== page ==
1

I have a scissor jack and I was wondering if rather spinning it manually, if it is possible engaging it to my drill.

enter image description here

I'm pretty sure that there is an accessory like a hook for drills, or something similar, however I'm struggling to find it.

If there is no such accessory, maybe there is a combination of pieces which might sort my problem.

  • 1
    @brhans He does not say he want to make a drill press. I believe He wants to operate the jack by using a drill instead of the hand crank. – Alaska Man Feb 24 at 20:46
  • 1
    @brhans True, but reading the text of the question suggests that the title is miss worded. "if rather spinning it manually, if it is possible engaging it to my drill." – Alaska Man Feb 24 at 20:50
  • 2
    "Drill press" was added in an edit, I took that back out. – JPhi1618 Feb 24 at 20:51
  • Makes a lot more sense now. – brhans Feb 24 at 20:57
2

I would use a clevis pin like the image, with a bit of hex shaft welded into it for the chuck to grip.

Remove the safety clip and withdraw the clevis pin to allow the jack eye-hole to pass into the jaw, then push the pin through and secure with the safety clip. A spacer to reduce the play between the clevis pin diameter and the jack eye-hole diameter will reduce excessive play and wear.

I would make a shaft to go into the drill chuck from some hexagonal shaft - commonly available and likely stronger than grinding flats on some cheap jack handle...

enter image description here

enter image description here

|improve this answer|||||
  • HOW. How does the hitch pin interface with the hole in the jack. The best answers on this site not only provide an "answer" but the leave detailed info on how to do what the answer is saying is the thing to do. – Alaska Man Feb 24 at 21:27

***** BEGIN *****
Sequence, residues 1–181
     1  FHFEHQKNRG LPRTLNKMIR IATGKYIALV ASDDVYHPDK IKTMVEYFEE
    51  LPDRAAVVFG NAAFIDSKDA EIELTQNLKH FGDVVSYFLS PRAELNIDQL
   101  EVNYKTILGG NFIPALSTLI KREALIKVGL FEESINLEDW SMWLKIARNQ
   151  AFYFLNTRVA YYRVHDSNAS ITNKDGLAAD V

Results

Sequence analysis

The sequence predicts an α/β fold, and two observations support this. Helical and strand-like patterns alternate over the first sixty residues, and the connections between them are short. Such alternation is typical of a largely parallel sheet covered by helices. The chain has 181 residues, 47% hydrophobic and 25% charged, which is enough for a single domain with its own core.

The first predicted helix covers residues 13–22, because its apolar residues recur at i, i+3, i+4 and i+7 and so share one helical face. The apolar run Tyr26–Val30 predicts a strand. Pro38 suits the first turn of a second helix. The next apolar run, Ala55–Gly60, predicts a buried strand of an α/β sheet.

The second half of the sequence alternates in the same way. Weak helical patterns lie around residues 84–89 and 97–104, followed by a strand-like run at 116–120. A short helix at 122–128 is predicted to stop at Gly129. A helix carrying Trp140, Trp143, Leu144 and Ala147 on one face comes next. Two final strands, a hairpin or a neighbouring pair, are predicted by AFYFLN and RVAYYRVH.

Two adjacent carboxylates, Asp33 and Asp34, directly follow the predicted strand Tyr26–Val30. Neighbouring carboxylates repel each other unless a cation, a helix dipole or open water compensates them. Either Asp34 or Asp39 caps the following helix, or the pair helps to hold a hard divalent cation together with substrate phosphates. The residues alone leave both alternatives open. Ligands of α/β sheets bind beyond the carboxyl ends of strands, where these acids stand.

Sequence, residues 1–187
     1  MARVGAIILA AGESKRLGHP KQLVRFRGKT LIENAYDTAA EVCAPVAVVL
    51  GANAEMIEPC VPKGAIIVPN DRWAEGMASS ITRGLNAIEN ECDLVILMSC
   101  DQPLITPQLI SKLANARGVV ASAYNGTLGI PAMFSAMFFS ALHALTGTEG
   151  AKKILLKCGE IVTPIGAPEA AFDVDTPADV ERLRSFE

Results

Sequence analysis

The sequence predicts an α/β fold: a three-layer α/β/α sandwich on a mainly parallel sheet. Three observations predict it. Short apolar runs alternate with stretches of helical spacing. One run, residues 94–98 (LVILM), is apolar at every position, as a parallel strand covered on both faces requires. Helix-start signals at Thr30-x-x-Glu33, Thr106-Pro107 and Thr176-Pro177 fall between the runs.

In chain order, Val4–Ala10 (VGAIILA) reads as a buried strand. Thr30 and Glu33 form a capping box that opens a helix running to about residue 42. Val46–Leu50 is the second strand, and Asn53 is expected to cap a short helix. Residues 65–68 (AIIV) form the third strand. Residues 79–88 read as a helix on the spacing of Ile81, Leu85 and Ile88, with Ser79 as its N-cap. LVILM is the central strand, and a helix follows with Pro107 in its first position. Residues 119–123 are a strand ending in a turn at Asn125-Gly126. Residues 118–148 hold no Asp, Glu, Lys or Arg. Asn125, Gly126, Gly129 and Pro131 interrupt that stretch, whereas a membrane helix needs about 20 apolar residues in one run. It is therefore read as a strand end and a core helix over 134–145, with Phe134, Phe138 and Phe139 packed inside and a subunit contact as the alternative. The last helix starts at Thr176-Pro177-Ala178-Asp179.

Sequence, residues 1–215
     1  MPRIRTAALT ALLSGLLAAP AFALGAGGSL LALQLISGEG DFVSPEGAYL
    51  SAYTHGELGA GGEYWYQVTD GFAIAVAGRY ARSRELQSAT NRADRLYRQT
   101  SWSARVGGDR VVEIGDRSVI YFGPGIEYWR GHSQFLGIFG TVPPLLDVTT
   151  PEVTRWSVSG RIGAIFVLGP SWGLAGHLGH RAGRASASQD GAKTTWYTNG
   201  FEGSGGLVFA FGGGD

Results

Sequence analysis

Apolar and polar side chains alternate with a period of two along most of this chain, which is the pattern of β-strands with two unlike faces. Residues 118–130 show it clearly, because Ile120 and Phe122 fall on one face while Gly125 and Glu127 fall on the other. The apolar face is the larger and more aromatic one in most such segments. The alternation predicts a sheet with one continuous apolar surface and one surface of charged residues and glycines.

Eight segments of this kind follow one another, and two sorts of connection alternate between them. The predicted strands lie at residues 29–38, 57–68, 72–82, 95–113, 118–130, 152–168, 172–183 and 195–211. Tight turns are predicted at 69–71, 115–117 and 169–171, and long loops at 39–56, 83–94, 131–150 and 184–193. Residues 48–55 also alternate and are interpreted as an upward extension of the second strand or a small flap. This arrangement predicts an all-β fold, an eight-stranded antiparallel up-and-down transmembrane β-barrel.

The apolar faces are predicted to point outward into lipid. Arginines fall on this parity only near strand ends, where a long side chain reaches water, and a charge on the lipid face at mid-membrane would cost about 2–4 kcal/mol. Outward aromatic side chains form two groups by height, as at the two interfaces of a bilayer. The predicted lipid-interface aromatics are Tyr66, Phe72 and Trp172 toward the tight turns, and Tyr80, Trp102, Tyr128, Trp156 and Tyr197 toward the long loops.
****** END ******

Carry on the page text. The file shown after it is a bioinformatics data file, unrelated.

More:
• @AlaskaMan the pin goes through the hole - which is where the spacer I mentioned comes in - a "thick" washer if you will.... because none of the other answers addressed the excessive play which causes rapid wear. – Solar Mike Feb 24 at 21:34
  • Something is missing here. The drill will just spin the clevis pin in the hole not turn the jack screw – Alaska Man Feb 24 at 21:38
  • Yeah, I'm super confused. – Harper - Reinstate Monica Feb 24 at 21:40
  • I posted a YouTube video in my answer that shows a great hack and a scissor jack in use , for anyone who is unclear on how it works. – Alaska Man Feb 24 at 21:46
1

This is a trick that I also use for driving eye-bolts into wood, and that is to use a screw hook or cut eye bolt chucked up in the drill and then hook it through the loop that you want to screw in or turn.

If you have access to a angle grinder or other way to cut a bolt, I suggest using a heavy duty eye bolt and cutting out a part of the loop to make a slot just big enough to fit your jacks eye hole into.

If you'd rather not cut an eye bolt, a heavy J hook can be used, but I have found that you can't get one that is quite as thick as an eye bolt, but that might not be a big deal.

Eye Bolt

Imagine this with about a 1/4th of the circle cut away so you can loop it through your jack's eye.

Turns out I'm not the only one with this idea (of course) - check out this article to see it in action.

|improve this answer|||||
  • This is the cheap 'n easy solution. "hook bolt" – isherwood Feb 24 at 20:44